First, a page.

Cyber-security a 'game of chess'
Security professionals always trying to anticipate cyber-criminals' next moves, says ESET CTO
Cyber-security can be likened to a game of chess, whereby security professionals are constantly trying to anticipate the next moves to be made by cyber-criminals, according to Pavel Luka, CTO at ESET.
Speaking to ITP.net, Luka described cyber-criminals as smart and well-funded, and that they are always capable of finding ways around the best technologies that security companies come up with. Conversely, security firms are always attempting to anticipate cyber-criminals' next moves.
"We create some technology, some protection, and the cyber-criminals find ways around it. They always do because they're smart, and they're well-funded these days as well," he said.
"Then we make some counter-moves and they make their moves. This goes on and on forever and, like any good chess player, you're trying to anticipate the moves that are going to happen."
Luka said that there was evidence for this way of thinking in the way that ESET predicted the rise of mobile malware, which now plagues the Android ecosystem. He said that, by the time the mobile malware issue had become serious, ESET already had products in place.
That said, he acknowledged that other cyber-criminal actions are less easy to predict.
"You probably know the Stuxnet virus. Six years ago, who'd have said, using just malware, you could use it to destroy physical things, like the centrifuges in Iran," he said.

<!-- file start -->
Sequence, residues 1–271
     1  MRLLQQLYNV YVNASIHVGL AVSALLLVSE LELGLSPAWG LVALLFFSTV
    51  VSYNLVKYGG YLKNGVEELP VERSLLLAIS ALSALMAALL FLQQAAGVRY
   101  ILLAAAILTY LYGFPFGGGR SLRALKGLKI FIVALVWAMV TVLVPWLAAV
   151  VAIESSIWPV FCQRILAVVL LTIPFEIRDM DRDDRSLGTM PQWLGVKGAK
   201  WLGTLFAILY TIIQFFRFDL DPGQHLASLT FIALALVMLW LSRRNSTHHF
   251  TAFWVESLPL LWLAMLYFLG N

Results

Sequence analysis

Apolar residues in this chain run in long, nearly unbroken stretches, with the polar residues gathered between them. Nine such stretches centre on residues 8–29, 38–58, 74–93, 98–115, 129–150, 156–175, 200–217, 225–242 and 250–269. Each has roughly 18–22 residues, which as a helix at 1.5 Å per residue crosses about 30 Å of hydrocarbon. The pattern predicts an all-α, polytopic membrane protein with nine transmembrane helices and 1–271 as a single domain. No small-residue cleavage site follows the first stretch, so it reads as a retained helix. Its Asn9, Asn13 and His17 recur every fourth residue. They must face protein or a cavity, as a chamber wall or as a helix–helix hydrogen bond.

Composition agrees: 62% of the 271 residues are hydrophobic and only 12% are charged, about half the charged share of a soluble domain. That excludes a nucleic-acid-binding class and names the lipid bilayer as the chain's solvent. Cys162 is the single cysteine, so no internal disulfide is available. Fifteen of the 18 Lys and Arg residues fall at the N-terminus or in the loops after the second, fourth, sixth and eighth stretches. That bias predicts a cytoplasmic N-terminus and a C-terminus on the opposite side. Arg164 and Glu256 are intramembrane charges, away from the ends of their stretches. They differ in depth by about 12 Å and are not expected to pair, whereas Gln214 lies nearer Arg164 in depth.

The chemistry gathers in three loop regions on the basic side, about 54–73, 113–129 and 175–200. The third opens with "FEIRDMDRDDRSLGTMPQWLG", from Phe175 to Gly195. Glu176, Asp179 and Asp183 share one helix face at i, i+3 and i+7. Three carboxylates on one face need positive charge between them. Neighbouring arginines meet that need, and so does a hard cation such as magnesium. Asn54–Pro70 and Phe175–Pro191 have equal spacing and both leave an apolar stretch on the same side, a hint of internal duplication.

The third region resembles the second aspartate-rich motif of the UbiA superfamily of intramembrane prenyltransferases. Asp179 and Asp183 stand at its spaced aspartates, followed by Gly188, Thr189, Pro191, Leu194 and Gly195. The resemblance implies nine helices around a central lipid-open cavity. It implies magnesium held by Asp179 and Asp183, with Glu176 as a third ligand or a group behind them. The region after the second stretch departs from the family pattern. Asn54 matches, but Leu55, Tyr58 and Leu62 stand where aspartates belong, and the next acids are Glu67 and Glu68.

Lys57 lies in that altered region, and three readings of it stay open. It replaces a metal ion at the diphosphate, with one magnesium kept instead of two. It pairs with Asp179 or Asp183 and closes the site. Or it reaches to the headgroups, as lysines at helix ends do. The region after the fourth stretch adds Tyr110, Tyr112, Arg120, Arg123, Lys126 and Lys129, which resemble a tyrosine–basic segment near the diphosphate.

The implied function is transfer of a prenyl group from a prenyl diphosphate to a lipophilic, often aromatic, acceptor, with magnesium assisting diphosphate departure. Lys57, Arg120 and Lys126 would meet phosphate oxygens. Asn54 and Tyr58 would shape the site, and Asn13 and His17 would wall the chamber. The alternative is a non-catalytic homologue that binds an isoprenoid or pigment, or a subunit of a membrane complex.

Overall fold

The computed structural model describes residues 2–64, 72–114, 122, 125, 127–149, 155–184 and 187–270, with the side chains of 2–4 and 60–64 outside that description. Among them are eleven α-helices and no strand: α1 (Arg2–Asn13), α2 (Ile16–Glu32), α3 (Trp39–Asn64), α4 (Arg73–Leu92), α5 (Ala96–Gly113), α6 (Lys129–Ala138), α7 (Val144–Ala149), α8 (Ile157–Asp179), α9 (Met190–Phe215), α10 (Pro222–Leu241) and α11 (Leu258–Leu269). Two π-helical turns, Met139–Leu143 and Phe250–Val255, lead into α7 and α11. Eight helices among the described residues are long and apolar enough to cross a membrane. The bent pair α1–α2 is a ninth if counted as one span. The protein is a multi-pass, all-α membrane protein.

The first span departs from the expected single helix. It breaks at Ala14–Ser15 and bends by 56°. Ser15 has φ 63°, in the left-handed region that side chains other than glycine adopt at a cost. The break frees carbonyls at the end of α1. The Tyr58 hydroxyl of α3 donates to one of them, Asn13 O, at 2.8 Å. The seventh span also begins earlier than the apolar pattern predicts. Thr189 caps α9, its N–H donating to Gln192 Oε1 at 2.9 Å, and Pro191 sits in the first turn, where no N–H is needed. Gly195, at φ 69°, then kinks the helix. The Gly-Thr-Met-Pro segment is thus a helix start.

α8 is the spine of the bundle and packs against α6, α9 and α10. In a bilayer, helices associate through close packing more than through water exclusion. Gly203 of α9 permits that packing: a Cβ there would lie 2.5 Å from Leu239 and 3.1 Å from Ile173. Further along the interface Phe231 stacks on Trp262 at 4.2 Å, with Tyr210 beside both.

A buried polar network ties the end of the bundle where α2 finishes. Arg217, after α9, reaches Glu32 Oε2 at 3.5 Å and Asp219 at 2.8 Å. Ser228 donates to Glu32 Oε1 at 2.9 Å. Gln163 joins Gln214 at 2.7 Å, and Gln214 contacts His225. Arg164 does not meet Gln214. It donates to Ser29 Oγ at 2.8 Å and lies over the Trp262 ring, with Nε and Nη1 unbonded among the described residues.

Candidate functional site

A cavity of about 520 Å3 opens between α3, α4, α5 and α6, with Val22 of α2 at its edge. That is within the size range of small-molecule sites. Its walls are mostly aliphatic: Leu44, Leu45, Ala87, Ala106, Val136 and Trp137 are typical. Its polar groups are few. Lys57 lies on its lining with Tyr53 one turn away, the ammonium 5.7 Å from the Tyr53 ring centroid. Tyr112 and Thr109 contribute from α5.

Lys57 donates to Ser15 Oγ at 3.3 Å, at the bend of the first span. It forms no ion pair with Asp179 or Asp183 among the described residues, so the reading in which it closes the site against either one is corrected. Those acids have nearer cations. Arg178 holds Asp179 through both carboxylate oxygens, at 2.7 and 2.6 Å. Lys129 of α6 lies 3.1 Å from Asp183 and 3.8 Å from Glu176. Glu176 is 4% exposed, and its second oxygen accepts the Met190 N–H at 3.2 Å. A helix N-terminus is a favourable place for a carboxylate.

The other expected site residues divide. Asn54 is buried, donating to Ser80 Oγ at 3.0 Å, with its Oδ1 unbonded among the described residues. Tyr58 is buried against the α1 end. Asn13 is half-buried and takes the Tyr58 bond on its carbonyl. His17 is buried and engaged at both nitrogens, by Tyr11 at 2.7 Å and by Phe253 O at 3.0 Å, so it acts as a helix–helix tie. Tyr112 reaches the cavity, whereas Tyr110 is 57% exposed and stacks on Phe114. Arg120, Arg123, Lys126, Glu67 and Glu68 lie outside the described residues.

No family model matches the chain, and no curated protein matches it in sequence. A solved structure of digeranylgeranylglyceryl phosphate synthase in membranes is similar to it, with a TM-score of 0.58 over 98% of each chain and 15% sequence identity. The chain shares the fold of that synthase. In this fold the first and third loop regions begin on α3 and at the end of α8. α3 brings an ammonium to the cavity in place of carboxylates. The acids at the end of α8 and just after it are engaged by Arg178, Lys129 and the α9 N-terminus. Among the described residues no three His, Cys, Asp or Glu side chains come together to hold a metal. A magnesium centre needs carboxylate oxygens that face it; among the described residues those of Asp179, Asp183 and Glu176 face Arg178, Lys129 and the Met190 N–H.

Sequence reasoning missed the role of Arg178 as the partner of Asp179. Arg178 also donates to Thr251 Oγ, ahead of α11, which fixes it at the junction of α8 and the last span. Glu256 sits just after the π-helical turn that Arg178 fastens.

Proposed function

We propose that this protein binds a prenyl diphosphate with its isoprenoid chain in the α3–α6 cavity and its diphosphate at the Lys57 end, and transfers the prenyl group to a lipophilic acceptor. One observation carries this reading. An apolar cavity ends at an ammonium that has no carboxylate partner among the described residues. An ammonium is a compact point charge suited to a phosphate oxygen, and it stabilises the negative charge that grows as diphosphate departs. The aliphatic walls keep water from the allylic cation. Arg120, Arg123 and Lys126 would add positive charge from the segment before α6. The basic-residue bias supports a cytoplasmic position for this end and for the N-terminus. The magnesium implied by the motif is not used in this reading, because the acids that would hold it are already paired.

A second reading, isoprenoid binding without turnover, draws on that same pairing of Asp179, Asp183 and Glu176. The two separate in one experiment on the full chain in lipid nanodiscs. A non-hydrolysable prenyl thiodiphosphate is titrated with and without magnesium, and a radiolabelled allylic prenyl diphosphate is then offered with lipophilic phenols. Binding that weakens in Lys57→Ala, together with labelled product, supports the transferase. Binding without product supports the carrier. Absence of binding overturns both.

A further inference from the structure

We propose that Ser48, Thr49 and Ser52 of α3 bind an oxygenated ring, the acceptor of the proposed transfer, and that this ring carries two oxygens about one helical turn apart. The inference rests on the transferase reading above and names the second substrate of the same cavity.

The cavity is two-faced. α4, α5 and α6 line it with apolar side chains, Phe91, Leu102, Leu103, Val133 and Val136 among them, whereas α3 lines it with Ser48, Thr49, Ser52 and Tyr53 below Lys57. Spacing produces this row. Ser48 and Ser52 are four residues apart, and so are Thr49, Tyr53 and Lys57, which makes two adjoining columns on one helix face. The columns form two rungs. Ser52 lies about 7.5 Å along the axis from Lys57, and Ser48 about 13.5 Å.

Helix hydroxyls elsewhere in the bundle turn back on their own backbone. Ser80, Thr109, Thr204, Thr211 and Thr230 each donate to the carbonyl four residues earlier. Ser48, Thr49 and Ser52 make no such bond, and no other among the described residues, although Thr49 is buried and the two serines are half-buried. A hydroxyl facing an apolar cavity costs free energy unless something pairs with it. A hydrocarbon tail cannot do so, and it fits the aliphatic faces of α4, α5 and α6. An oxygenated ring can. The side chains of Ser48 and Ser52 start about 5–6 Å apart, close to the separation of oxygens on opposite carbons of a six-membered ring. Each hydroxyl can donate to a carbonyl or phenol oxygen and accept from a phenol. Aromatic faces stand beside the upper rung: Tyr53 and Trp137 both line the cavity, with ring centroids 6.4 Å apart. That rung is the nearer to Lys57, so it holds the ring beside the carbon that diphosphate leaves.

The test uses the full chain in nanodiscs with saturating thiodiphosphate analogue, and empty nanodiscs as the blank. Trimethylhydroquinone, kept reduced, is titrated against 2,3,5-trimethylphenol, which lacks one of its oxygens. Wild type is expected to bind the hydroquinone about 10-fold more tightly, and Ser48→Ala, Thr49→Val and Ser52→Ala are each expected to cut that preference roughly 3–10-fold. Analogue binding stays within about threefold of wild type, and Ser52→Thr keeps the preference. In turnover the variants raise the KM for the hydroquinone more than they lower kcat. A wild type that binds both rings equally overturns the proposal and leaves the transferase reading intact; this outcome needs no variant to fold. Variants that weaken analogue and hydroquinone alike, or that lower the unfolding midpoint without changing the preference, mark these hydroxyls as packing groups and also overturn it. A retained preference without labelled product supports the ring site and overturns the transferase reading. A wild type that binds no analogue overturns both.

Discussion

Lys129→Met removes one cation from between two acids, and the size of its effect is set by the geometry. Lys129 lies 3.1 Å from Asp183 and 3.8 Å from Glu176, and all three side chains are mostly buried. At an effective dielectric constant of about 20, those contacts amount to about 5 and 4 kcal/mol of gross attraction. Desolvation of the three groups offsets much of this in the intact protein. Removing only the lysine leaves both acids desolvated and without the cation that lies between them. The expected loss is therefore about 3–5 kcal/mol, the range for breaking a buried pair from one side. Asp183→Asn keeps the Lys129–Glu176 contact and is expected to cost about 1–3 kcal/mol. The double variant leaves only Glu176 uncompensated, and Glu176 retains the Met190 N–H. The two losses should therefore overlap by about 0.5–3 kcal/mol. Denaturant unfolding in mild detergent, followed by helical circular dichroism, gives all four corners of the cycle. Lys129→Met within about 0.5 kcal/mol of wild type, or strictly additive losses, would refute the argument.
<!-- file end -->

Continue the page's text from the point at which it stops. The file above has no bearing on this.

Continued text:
"The sophistication of this attack, the way it worked, it's something that pretty much surprised me. It's stuff that used to be happening only in science fiction, but now it's here."
In terms of predicting new trends, however, Luka said that there were signs that pointed towards new areas of interest for cyber-criminals. He said that the growing proliferation of connected devices fixed with sensors was certainly a cause for concern.
"I think there is going to be a problem with so-called embedded devices. All of these devices are connected and they usually have sensors. And some of them have actuators, they can do stuff," he said.
"If you want to see what happens when you give a bunch of smart people access to sensors, just look at the App Store. I have an application which measures heart rates through the camera. It's going to light your finger up, and it's looking at the flow of fresh blood.
"These are things which are cool, and it's done with just a couple of sensors by smart people. Now think about all these devices, which have sensors, and give them to smart people - but they're cyber-criminals - and try to anticipate what's coming."
Luka said that cyber-criminals could think of just as inventive ways to use connected smart devices for nefarious purposes. And because of the lack of security on many of these devices, there could be cause for concern.
His next move, he said, would be to look at how these devices can be protected without affecting their accessibility.